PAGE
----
D.C. fund for crime victims highlights challenges of providing aid

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By Susan Kinzie and Stephanie Lee
Washington Post Staff Writers
Wednesday, July 21, 2010

After her food stamps were stolen and her son's head was smashed into a concrete wall, a 31-year-old District woman wound up in the same place many of the city's domestic violence victims land while they're struggling to get on their feet: a run-down motel.

She and five of her children stayed in a small room with peeling paint, bloodstains on the mattress and a rancid smell coming from some liquid in the closet.

In any given week, 40 to 70 women stay there, with the $100-a-night room fee paid for by the Crime Victims Compensation Fund.

The fund, run by the D.C. Superior Court since 1997, uses revenue from court fees to cover immediate needs such as shelter, medical treatment, counseling and funerals. Part of the money also goes to D.C. nonprofits that help crime victims.

But the motel housing provided by the court fund isn't safe, say officials with some of the nonprofits. They have been pushing for more money from the fund for the shelters they run and for other services and have asked the District to seize control of the fund. They are also requesting $4 million from Congress.

The motel rooms are safe, court officials say. They say that nonprofit groups are concerned about a drop-off in funding during the past few years, and that although those concerns are understandable, they take a back seat to the issue of how best to help all crime victims.

The debate highlights the challenges of providing help to some of the city's most desperate residents, and it shows how far those efforts have come -- and how far they have to go.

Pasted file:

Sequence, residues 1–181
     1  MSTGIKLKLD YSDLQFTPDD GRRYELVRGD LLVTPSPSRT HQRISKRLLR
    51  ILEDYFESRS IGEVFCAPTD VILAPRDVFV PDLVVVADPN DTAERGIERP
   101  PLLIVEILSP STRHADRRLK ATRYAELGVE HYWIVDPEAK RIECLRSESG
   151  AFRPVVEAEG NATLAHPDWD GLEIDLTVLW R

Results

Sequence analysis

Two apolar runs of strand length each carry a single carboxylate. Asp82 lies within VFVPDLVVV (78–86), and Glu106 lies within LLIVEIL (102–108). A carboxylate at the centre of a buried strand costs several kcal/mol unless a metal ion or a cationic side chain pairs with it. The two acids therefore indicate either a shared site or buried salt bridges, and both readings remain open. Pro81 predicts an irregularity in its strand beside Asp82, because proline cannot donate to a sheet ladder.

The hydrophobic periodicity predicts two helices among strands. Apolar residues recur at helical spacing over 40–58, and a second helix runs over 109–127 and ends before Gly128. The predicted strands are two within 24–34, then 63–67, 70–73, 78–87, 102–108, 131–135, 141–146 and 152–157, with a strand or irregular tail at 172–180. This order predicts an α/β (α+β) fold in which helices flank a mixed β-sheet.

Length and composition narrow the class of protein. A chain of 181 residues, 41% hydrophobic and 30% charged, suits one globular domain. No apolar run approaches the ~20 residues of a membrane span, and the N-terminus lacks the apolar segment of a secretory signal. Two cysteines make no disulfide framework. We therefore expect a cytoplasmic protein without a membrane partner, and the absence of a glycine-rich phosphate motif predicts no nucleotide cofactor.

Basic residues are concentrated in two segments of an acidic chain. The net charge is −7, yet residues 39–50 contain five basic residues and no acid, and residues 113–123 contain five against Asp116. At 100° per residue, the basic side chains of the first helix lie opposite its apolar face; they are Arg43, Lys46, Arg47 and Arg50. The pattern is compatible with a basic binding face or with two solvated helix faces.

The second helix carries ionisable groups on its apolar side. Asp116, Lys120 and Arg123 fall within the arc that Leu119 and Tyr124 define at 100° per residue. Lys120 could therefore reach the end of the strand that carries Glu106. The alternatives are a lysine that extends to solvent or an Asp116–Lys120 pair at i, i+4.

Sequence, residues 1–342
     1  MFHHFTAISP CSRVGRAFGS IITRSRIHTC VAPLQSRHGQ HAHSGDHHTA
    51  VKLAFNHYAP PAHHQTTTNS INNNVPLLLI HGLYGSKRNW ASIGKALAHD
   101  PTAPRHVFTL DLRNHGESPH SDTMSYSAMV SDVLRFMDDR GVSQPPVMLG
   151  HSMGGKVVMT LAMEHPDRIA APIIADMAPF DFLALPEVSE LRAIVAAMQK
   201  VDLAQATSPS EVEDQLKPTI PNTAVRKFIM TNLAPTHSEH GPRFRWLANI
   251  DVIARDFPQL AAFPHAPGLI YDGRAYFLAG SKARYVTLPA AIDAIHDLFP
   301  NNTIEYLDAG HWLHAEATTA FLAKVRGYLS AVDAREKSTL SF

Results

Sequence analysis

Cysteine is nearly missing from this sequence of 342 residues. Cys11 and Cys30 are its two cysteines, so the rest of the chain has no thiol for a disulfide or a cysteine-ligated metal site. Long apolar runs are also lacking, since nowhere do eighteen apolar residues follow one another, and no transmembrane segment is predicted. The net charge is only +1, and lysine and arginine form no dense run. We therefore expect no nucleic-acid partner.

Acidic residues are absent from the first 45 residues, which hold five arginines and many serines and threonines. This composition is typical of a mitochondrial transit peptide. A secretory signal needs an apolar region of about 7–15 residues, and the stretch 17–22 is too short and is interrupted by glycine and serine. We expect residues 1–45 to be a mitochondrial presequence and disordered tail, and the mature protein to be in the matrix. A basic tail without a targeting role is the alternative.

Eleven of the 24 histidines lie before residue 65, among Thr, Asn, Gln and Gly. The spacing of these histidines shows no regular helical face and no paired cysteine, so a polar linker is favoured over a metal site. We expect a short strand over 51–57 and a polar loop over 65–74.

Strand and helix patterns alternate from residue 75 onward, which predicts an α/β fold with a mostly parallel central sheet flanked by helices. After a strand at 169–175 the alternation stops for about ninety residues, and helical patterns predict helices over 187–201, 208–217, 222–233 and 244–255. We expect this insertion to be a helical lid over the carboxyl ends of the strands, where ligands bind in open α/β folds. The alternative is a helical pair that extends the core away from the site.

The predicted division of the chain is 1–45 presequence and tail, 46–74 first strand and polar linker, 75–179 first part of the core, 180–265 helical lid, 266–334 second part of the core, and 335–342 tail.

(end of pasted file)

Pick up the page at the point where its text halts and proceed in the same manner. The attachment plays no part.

"Only a fraction of the need is being met," said D.C. Council member Phil Mendelson (D-At Large), so the important thing is not to fight for control of the fund, he said, but to find more money for victims.

Splitting the money

A decade ago, millions of dollars in the fund were going unused, court officials said. Now, they say, money is getting to those for whom it's intended. But by many accounts, although the District has increased shelter capacity, there aren't enough beds in nonprofit shelters designed to protect domestic violence victims and allow them time to find permanent housing.

Still, said D.C. Superior Court Chief Judge Lee Satterfield, the court has never heard significant criticism of its administration of the program -- mandated in the 1990s -- until funding for the nonprofits began to dwindle.

The court hears from many people grateful for a room at the motel, he said, and works to resolve problems quickly. Shelter costs account for 25 percent of the money spent by the fund each year, he said, and the court has not seen a comprehensive plan for how crime victims would be helped if the program were changed. If the court sent money to nonprofit groups and other programs instead of spending it on victims, it would lose substantial federal matching funds, Satterfield said.

The court didn't ask to take this on the fund, Satterfield said. In 1996, emergency legislation transferred control of the fund from the city to the court because of a backlog that meant most eligible crime victims weren't being helped.


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